In all cases, the theme Madonna with child may rise the question whether the swelling of the neck could theoretically be associated with an autoimmune postpartum thyroiditis. Any answer may be presumptive; however, goiters evident in postpartum thyroiditis are modest and generally reflect greater prominence of preexisting goiters due to chronic or Hashimoto's thyroiditis. We do not know if chronic thyroiditis or postpartum thyroiditis is even premodern era diseases, but we do know that they develop less frequently or at least they are less evident in iodine deficient lands. Alternatively, in conditions of iodine restriction, the enhanced thyroidal stimulation during gestation may have promoted the formation of the goiter that has only partially regressed after parturition.[8],[11] Thus, there is no reason why the painters should have used models affected by a swelling of the neck linked to autoimmune postpartum thyroiditis, And also, it seems unlikely that the five women used as models were affected by familial thyroid dyshormonogenesis to immortalize the Madonna and child scenes because the subject would have been affected by a goitrous gland since the birth with or without clinical manifestations of congenital hypothyroidism. Finally, the hypothesis that the goitrous gland was deliberately added to the sitters with an allegorical meaning to arouse pity or revulsion, to mock the represented subject, to present an autobiographical self-portrait feature, or to indicate a lower social status seems unrealistic in the thematic depictions of the Virgin with Christ.[2],[3],[4],[11]

The inclusion of a goiter in the five paintings of the present investigation is in favor of a stylistic representation because all the goitrous sitters of the present paper are depicted with low- to moderate-grade swelling of the neck without any other physical signs or symptoms related to hyperthyroidism or hypothyroidism. The artists may have depicted a slight enlargement of the neck as a stylistic hallmark with the purpose of creating an idealized beauty with a more attractive neck, reflecting that in the same time, the increased anatomic accuracy and knowledge developed in that period seem the most likely. It is also possible that some of the artists were fascinated by strange physiognomies.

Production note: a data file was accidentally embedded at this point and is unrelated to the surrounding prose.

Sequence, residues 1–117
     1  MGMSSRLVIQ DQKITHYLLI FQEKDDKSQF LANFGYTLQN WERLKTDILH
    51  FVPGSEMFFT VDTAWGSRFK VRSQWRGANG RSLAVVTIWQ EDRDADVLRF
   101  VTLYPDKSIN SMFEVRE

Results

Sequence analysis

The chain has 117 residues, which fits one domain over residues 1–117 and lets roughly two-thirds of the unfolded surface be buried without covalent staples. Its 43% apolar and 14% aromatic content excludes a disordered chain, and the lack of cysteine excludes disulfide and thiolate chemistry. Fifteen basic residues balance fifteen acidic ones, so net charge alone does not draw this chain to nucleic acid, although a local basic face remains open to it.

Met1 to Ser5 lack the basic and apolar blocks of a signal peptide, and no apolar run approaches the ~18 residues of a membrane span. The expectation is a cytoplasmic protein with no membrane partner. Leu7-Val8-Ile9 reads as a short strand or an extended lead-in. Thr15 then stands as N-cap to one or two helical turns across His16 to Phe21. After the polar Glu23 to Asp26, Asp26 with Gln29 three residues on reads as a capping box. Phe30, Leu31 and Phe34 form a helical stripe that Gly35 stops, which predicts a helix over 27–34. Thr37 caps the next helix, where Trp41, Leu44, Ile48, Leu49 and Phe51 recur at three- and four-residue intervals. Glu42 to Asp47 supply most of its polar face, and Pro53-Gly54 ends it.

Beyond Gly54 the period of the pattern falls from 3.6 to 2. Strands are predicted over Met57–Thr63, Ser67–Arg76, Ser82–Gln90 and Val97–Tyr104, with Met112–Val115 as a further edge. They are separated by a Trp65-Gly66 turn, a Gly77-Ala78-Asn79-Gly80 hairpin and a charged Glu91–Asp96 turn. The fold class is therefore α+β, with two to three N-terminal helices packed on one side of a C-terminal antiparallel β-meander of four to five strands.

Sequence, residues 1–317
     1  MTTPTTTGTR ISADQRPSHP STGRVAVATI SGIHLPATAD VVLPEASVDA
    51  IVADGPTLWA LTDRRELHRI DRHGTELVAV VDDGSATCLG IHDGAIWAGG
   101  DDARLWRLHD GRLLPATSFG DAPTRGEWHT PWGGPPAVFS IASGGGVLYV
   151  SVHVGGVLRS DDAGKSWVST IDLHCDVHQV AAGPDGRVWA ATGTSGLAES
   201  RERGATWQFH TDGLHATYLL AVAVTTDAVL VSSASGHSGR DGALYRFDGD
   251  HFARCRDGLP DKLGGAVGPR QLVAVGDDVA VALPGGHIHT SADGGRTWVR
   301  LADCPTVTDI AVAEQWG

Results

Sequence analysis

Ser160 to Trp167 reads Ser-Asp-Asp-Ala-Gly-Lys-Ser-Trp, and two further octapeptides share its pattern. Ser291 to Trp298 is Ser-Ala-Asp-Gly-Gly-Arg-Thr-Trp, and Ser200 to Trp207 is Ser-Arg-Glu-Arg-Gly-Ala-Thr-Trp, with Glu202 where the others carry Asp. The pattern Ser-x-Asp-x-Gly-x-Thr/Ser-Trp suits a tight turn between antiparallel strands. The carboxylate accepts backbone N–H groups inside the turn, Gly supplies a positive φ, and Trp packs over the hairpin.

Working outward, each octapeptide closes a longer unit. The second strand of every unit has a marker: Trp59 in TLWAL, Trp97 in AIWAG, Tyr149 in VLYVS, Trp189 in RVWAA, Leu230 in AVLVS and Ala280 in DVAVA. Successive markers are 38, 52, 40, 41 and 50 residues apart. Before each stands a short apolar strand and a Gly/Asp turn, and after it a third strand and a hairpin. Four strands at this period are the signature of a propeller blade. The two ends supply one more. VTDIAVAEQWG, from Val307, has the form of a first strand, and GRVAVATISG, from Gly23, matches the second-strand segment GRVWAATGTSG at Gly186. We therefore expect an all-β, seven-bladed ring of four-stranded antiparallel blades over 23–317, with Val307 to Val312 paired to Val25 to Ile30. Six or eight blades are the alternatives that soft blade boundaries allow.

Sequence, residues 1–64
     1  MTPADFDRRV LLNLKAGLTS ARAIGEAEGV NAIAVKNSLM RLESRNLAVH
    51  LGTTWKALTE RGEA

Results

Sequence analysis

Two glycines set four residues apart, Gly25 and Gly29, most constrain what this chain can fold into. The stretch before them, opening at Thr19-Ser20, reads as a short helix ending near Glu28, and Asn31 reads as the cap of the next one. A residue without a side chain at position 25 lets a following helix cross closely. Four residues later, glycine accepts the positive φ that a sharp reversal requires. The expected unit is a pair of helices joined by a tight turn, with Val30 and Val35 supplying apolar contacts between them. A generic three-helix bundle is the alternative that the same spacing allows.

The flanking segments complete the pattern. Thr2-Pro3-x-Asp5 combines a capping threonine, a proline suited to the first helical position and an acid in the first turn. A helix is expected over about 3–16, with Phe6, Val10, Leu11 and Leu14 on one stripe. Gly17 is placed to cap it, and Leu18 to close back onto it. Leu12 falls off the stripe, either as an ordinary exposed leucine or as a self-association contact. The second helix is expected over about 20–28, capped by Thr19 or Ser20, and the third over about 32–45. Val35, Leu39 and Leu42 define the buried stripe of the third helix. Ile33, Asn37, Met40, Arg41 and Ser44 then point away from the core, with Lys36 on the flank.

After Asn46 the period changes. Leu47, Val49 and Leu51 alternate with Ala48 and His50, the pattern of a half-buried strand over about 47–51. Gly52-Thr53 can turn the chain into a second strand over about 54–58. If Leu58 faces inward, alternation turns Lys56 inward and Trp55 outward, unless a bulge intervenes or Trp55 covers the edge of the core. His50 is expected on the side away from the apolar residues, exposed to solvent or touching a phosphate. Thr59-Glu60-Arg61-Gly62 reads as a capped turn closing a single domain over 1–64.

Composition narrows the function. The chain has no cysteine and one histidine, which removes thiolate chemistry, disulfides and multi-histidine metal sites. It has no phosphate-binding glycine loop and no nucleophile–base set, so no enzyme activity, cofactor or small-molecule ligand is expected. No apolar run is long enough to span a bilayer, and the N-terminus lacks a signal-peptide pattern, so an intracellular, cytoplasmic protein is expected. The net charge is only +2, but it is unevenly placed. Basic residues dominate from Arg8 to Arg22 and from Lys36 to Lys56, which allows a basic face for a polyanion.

Conclusions Top

Although we cannot reject the claim that the painters used a few affected sitters as models for their Madonnas, it is more reasonable that they were fascinated by the visual effect given by a subtle enlargement to the neck of a woman affected by a low grade of goiter. Therefore, the hypothesis that the slight neck enlargement was voluntarily included by the artist to make the women more attractive, reflecting in the same time the increased anatomic accuracy and knowledge developed in that period seems the most likely.

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Conflicts of interest

There are no conflicts of interest.

   References Top

Philippot P. Stylistic and documentary understanding of fine arts. In: Appelboom T, editor. Art History and Antiquity of Rheumatic Diseases. Brussels, Belgium: Elsevier; 1987. p. 12-6.  Back to cited text no. 1
Józsa LG. Goiter depicted in byzantine artworks. Hormones (Athens) 2010;9:343-6.  Back to cited text no. 2
Ferriss JB. The many reasons why goiter is seen in old paintings. Thyroid 2008;18:387-93.  Back to cited text no. 3
Vescia FG, Basso L. Goiters in the renaissance. Vesalius 1997;3:23-32.  Back to cited text no. 4
Giampalmo A, Fulcheri E. An investigation of endemic goitre during the centuries in sacral figurative arts. Zentralbl Allg Pathol 1988;134:297-307.  Back to cited text no. 5
Dionigi G, Dionigi R. Iconography of goiter: Four refined examples in the sacred mountain of Varese, Italy. Thyroid 2013;23:1301-4.  Back to cited text no. 6
Loughman J, Montias JM. Public and private spaces: Works of Art in Seventeenth-Century Dutch Houses. W Books; 1999. p. 81.  Back to cited text no. 7
Lazzeri D, Castello MF, Lippi D, Weisz GM. Goiter in portraits of Judith the Jewish heroine. Indian J Endocrinol Metab 2016;20:119-22.  Back to cited text no. 8
Nicoli F, Pozzilli P, Lazzeri D. “The penitent magdalene”: Tiziano vecellio (1488/1490-1576). J Endocrinol Invest 2016;39:835-6.  Back to cited text no. 9
Nicoli F, Lazzeri D. “The penitent magdalene”: Jusepe de ribera (1591-1652). J Endocrinol Invest 2017;40:455-6.  Back to cited text no. 10
Lazzeri D, Pozzilli P, Zhang YX, Persichetti P. Goiter in paintings by Rogier Van der Weyden (1399-1464). Thyroid 2015;25:559-62.  Back to cited text no. 11
Lazzeri D, Constantinides J, D'Ambrosia C, Nicoli F. Goiter in the “Venus at a mirror” (1615) by Peter Paul Rubens (1577-1640). J Endocrinol Invest 2017;40:893-4.  Back to cited text no. 12
Trimarchi F, Russo G. Antonello da messina: Virgin annunciate. J Endocrinol Invest 2016;39:257-8.  Back to cited text no. 13


  [Figure 1], [Figure 2], [Figure 3], [Figure 4], [Figure 5]